- flex-start: lines packed to the start of the container
- flex-end: lines packed to the end of the container.
- center: lines packed to the center of the container.
- flex-start: lines packed to the start of the container.
- space-between: lines evenly distributed; the first line is at the start of the
container while the last one is at the end.
- space-around: lines evenly distributed with equal space between them.
- stretch (default): lines stretch to take up the remaining space.
The following figure helps understand how the lines are stacked up in a flex
container depending on the align-content value.
Controlling ratios of flex items along main axis
I’ll show you how to use the following flexbox sizing properties:
The Flex-Basis Property:-
The flex-basis property specifies the initial size of the flex item before any space distribution happens. The initial value for this property is auto. If flexbasis is set to auto then to work out the initial size of the item the browser first checks if the main size of the item has an absolute size set. This would be thecase if you had given your item a width of 200 pixels. In that case 200px would be the flex-basis for this item.
If your item is instead auto-sized, then auto resolves to the size of its content. At this point your knowledge of min- and max-content sizing becomes useful, as flexbox will take the max-content size of the item as the flex-basis.
n this example I have created a series of inflexible boxes, with both flexgrow and flex-shrink set to 0. Here we can see how the first item — which has an explicit width of 150 pixels set as the main size — takes a flexbasis of 150px, whereas the other two items have no width and so are sized according to their content width.
In addition to the auto keyword, you can use the content keyword as the flexbasis. This will result in the flex-basis being taken from the content size even if there is a width set on the item. You can also get the same effect by using auto as the flex-basis and ensuring that your item does not have a width set, in order that it will be auto-sized.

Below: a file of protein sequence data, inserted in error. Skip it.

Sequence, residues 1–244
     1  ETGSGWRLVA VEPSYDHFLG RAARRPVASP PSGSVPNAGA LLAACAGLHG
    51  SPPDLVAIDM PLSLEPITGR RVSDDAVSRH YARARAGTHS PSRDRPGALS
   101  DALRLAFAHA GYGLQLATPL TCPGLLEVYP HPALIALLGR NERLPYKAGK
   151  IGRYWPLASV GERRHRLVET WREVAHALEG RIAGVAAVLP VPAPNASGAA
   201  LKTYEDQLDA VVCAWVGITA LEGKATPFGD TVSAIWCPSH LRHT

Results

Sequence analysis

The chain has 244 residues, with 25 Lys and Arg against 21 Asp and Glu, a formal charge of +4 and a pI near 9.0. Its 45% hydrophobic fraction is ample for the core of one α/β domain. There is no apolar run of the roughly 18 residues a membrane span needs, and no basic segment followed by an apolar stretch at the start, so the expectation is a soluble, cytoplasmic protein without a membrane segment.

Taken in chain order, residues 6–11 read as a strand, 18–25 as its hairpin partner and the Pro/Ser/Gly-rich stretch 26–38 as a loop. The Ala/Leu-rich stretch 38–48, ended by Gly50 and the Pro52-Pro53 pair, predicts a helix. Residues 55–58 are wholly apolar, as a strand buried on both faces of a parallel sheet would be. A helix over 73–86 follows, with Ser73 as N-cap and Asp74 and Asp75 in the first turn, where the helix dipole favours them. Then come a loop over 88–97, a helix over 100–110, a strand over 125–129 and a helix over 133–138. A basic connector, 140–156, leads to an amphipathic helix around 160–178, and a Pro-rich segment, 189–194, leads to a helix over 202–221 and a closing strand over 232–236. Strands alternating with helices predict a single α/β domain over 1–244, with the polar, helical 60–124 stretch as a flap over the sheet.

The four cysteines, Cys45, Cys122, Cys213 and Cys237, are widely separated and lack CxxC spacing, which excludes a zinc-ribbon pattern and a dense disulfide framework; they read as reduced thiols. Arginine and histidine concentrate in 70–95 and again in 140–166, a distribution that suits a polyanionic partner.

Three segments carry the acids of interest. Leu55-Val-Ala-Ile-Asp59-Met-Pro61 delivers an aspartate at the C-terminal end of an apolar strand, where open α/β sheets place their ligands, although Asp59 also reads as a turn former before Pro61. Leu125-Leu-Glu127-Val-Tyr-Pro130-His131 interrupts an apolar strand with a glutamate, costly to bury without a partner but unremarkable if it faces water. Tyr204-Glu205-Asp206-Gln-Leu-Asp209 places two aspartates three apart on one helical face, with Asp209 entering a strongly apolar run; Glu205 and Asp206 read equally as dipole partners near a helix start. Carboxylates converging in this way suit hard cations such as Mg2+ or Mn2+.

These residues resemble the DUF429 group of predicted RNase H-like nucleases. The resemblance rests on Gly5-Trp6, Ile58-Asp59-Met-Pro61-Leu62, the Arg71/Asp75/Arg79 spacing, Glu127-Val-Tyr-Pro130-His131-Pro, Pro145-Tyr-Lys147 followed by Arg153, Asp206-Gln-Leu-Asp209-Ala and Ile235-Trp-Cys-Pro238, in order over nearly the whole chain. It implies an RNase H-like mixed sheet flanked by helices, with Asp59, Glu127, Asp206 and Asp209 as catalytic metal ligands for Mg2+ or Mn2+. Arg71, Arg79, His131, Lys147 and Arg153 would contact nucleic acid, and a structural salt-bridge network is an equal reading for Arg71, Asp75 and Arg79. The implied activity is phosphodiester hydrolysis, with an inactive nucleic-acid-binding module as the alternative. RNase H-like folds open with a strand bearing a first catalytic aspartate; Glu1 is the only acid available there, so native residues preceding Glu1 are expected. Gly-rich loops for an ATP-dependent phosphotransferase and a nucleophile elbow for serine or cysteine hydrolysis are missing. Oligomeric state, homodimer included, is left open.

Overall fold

If you want flexbox to completely ignore the size of the item when doing space distribution then set flex-basis to 0. This essentially tells flexbox that all the space is up for grabs, and to share it out in proportion. We will see examples of this
as we move on to look at flex-grow.
Describes how any space within a container should be distributed among its children along the main axis. After laying out its children, a container will distribute any remaining space according to the flex grow values specified by its children.
Flex grow accepts any floating point value >= 0, with 0 being the default value.A container will distribute any remaining space among its children weighted by the child’s flex grow value.
Describes how to shrink children along the main axis in the case that the total size of the children overflow the size of the container on the main axis. flex shrink is very similar to flex grow and can be thought of in the same way if any overflowing size is considered to be negative remaining space. These two properties also work well together by allowing children to grow and shrink as needed.
Flex shrink accepts any floating point value >= 0, with 1 being the default value. A container will shrink its children weighted by the child’s flex shrink value.